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Unveiling the biological interface of protein complexes by mass spectrometry-coupled methods
  • Goeun Shin,
  • Sung In Lim
Goeun Shin
Pukyong National University

Corresponding Author:goeunshin625@gmail.com

Author Profile
Sung In Lim
Pukyong National University
Author Profile


Most biomolecules become functional and bioactive by forming protein complexes through interaction with ligands that are diverse in size, shape, and physicochemical properties. In the complex biological milieu, the interaction is ligand-specific, driven by molecular sensing and recognition of a binding interface localized within a protein structure. Mapping interfaces of protein complexes is a highly sought area of research as it delivers fundamental insights into proteomes and pathology and hence strategies for therapeutics. While X-ray crystallography and electron microscopy still serve as a gold standard for structural elucidation of protein complexes, artificial and static analytic nature thereof often results in a non-native interface that otherwise might be negligible or non-existent in biological environment. In recent years, the mass spectrometry-coupled approaches, chemical crosslinking (CLMS) and hydrogen-deuterium exchange (HDMS), have become valuable analytic complements to traditional techniques. These methods explicitly identify hot residues and motifs embedded in binding interfaces, in particular, for which the interaction is predominantly dynamic, transient, and/or caused by an intrinsically disordered domain. Here we review the principal role of CLMS and HDMS in protein structural biology with a particular emphasis on the contribution of recent examples to exploring biological interfaces. In addition, we describe recent studies that utilized these methods to expand our understanding of protein complex formation and related biological processes and to increase probability of structure-based drug design.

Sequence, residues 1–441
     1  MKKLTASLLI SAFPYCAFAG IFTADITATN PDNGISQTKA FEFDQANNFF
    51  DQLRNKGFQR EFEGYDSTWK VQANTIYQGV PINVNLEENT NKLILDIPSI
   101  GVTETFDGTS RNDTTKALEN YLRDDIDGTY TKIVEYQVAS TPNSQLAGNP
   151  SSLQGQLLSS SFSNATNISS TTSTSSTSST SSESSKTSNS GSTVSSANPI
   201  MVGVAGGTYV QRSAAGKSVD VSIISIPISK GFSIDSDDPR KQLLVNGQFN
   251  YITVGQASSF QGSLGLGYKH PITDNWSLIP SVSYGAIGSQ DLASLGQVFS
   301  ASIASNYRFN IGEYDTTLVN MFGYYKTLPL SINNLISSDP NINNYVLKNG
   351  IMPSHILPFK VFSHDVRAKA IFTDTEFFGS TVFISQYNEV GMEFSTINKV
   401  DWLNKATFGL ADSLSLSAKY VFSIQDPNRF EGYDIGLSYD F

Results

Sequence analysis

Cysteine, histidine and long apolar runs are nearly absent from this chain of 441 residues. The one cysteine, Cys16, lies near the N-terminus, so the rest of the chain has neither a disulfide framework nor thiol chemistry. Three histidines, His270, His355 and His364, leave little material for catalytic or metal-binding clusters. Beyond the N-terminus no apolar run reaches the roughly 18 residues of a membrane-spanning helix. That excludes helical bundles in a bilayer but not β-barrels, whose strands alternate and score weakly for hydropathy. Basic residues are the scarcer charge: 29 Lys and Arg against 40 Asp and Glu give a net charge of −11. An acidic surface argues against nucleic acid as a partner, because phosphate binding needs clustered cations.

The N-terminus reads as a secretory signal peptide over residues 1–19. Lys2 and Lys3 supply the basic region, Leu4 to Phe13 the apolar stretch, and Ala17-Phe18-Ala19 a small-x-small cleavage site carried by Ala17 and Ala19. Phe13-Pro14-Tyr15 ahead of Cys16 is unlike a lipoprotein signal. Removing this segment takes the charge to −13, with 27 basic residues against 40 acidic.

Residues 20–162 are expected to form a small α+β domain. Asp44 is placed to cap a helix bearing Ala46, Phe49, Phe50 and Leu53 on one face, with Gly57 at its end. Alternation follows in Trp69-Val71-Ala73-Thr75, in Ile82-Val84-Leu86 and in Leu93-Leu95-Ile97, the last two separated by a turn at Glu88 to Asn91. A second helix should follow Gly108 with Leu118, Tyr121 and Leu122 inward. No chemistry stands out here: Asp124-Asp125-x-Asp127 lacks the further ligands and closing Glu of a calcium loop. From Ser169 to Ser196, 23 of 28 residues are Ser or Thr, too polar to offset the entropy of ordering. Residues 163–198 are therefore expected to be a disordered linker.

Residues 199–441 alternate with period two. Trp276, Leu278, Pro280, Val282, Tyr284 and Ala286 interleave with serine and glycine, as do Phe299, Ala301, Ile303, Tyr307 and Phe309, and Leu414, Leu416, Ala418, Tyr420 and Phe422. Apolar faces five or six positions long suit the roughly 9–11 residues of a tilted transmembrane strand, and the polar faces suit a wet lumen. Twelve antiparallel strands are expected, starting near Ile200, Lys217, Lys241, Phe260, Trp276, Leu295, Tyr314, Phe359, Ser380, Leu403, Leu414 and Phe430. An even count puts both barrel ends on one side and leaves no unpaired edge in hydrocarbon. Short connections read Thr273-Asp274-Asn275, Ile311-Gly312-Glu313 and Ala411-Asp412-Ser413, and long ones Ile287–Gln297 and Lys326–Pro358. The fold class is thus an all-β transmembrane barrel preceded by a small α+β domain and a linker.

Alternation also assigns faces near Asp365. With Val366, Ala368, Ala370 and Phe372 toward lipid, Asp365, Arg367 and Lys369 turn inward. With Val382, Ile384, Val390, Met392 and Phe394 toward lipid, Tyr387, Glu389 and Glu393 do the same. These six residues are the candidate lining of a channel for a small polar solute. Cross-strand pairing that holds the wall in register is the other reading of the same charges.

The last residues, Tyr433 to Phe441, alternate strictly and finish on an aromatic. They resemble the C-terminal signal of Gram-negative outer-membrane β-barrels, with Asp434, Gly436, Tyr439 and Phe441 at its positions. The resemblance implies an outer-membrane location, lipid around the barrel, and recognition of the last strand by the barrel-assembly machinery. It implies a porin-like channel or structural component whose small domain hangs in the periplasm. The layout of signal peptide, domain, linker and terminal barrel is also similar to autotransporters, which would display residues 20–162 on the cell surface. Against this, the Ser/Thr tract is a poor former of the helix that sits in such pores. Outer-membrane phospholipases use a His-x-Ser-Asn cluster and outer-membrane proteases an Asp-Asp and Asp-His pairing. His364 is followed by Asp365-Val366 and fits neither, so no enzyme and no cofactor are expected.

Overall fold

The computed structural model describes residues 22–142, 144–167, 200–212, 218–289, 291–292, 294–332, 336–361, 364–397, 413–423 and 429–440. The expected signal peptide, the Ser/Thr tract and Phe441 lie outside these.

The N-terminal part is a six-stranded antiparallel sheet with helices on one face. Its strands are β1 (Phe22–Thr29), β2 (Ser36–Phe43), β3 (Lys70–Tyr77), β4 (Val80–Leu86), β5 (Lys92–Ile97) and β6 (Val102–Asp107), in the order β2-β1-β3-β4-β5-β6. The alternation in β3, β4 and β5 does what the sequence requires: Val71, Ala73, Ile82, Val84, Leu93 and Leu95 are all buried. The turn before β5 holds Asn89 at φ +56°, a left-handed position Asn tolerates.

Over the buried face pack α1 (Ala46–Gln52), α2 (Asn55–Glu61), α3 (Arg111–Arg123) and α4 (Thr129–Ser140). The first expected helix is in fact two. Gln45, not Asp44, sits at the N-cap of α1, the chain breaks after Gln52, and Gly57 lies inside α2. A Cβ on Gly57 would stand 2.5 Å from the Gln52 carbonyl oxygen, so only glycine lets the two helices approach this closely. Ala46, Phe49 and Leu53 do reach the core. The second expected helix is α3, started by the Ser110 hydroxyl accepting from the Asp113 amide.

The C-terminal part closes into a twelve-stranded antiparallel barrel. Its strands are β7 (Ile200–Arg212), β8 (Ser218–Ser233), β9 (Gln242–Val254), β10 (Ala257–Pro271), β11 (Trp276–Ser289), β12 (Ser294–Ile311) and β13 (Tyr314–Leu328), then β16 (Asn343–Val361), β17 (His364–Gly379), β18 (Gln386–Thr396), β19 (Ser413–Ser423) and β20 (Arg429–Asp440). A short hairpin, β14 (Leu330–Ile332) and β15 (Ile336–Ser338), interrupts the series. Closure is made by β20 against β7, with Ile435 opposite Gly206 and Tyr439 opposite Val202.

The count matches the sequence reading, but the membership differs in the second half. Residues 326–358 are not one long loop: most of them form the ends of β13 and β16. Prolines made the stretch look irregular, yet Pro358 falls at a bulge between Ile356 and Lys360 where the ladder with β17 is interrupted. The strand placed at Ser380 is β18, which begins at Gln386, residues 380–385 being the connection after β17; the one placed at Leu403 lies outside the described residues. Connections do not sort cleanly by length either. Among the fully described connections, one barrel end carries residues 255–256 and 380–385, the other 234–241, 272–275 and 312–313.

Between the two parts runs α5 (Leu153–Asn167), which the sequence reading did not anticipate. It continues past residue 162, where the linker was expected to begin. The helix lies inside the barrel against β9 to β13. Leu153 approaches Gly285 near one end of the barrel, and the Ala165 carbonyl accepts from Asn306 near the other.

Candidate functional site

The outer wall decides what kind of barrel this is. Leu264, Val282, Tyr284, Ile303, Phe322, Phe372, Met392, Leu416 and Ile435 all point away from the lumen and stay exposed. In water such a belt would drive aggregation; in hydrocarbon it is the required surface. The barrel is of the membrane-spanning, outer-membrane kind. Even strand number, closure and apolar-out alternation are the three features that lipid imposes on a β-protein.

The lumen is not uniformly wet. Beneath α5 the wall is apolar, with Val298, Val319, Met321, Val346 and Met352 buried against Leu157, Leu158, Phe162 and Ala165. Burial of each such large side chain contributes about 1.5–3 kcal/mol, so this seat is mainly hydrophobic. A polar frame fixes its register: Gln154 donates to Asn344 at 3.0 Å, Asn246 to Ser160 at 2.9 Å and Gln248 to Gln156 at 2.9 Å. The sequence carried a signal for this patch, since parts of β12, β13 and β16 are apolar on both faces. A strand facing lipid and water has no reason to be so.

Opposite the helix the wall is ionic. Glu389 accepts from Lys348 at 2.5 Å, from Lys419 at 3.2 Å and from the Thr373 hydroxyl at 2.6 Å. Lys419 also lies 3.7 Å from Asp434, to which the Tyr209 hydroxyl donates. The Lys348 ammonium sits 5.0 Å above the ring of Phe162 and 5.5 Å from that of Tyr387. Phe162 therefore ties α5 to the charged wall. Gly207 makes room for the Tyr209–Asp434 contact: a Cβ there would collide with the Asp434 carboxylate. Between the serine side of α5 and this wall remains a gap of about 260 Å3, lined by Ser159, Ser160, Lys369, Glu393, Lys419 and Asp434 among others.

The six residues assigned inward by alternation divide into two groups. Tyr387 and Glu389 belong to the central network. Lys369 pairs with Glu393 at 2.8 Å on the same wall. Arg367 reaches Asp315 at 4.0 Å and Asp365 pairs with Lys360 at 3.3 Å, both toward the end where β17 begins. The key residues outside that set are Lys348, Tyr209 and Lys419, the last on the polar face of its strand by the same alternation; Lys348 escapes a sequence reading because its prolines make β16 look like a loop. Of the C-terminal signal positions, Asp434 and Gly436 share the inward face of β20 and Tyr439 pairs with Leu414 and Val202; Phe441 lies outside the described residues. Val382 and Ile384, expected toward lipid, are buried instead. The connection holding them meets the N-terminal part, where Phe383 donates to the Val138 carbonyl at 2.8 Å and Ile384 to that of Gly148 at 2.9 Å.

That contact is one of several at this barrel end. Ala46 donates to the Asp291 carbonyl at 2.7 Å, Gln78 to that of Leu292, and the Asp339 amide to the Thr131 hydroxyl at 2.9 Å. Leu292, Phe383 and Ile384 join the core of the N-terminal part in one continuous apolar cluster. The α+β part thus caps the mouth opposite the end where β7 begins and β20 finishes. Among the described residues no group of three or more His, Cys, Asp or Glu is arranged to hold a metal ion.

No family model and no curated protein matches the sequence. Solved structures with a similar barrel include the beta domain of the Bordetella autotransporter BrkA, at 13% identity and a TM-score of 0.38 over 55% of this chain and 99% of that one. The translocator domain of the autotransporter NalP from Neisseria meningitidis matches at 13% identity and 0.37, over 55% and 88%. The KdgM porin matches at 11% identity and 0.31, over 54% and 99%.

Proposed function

18 Jul 2022Submitted to PROTEINS: Structure, Function, and Bioinformatics
18 Jul 2022Submission Checks Completed
18 Jul 2022Assigned to Editor
18 Jul 2022Reviewer(s) Assigned
19 Oct 2022Review(s) Completed, Editorial Evaluation Pending
20 Oct 2022Editorial Decision: Revise Minor
28 Nov 20221st Revision Received
29 Nov 2022Submission Checks Completed
29 Nov 2022Assigned to Editor
29 Nov 2022Review(s) Completed, Editorial Evaluation Pending
12 Dec 2022Reviewer(s) Assigned
22 Dec 2022Editorial Decision: Accept
27 Dec 2022Published in Proteins: Structure, Function, and Bioinformatics. 10.1002/prot.26459